A Georgia correctional officer in charge of investigating inmate misconduct seized an inmate’s phone as contraband and stole money from his CashApp account, federal prosecutors said.
Andy Steven Johnson, 42, of Peachtree City, was supposed to process the inmate’s cellphone as part of prison policy but browsed through the device instead at the United States Penitentiary in Atlanta on Jan. 13, 2021, according to the U.S. Attorney’s Office for the Northern District of Georgia.
After opening the inmate’s CashApp, Johnson sent $300 to his own CashApp account, then transferred the money into his checking account, prosecutors said.
Two months later, Johnson applied for a federal COVID-19 relief loan for a fake business, Performance Customs, on March 4, 2021, according to prosecutors.
In the application, Johnson lied and said Performance Customs had been in business since January 2020, produced a yearly revenue of $76,000 and paid its employees $6,333, prosecutors said.
As a result, he was approved for a Paycheck Protection Program loan of nearly $16,000 for the business that didn’t actually exist, according to prosecutors.
Now, Johnson has pleaded guilty to theft by an employee of the U.S. and wire fraud, the attorney’s office announced in a Nov. 3 news release.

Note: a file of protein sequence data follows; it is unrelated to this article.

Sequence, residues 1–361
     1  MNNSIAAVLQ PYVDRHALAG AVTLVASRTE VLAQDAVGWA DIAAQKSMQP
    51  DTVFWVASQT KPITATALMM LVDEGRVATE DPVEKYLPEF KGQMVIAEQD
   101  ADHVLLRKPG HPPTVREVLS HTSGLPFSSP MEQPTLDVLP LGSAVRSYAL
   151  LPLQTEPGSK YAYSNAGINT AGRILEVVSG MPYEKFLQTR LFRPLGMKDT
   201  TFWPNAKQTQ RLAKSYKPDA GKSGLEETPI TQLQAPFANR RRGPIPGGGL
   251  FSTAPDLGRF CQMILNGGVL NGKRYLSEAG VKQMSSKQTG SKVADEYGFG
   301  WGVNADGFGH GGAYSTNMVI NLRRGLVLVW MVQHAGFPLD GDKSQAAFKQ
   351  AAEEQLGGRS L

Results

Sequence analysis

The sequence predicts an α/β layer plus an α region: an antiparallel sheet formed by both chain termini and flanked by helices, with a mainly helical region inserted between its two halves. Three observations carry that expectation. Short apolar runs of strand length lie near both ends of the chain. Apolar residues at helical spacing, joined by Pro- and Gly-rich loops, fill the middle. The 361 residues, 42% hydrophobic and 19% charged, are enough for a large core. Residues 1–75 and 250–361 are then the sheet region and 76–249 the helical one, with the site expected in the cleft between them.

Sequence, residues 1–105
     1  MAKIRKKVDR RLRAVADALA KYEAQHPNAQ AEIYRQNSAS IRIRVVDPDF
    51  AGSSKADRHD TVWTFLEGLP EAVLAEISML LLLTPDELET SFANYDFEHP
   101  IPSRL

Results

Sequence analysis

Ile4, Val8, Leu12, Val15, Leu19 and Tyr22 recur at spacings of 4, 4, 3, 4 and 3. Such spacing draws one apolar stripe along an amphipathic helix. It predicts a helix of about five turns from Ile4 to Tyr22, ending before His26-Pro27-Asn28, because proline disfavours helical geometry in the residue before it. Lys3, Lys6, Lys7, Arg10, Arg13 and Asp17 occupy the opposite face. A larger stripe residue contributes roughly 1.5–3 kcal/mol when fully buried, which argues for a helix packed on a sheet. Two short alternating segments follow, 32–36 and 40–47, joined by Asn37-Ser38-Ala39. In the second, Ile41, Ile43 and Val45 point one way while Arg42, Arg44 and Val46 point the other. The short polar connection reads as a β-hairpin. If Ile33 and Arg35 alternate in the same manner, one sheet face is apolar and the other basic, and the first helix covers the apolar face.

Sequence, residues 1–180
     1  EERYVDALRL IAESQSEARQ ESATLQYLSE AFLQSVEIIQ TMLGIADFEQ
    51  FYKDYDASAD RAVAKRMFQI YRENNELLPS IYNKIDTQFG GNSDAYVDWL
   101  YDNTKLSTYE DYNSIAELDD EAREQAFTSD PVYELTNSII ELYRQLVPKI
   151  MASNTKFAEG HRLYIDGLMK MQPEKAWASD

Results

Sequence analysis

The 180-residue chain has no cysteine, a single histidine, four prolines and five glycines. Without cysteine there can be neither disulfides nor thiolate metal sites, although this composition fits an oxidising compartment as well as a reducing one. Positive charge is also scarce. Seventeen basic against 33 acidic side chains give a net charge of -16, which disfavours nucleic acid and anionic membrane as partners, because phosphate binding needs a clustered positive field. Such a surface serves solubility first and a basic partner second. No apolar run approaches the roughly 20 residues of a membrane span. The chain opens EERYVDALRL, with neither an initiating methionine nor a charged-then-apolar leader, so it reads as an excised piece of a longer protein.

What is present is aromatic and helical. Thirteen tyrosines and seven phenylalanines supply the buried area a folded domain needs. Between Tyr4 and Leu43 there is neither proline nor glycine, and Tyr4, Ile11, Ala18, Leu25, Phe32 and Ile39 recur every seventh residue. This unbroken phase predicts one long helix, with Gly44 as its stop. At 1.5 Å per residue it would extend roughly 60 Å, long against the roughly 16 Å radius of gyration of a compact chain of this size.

McClatchy News contacted Johnson’s defense attorney for comment on Nov. 6 and didn’t receive an immediate response.
Johnson worked at the U.S. Penitentiary in Atlanta since 2015 and joined the facility’s special investigative services team in 2018, the release said.
He was tasked with investigating inmates suspected of smuggling and possessing contraband, such as phones, drugs and tobacco, according to prosecutors, who said his duties included searching the inmates for these items.
Johnson no longer works for the Federal Bureau of Prisons, a U.S. Penitentiary Atlanta spokesperson told McClatchy News in a statement on Nov. 7.
“While we decline to comment on the case specifically, we can share that the FBOP supports holding accountable those who violate public trust and engage in criminal activity,” the spokesperson said in an email. “As corrections professionals, we are trained and take an oath that requires us to act with integrity and safeguard those in our care and custody.”
“We are actively rooting out and addressing employee misconduct...The vast majority of our employees are hardworking, ethical, diligent corrections professionals, who act with integrity daily and want those engaging in misconduct to be held accountable,” the spokesperson added.
Johnson’s sentencing is scheduled for Feb. 7, prosecutors said.
Peachtree City is about 30 miles southwest of Atlanta.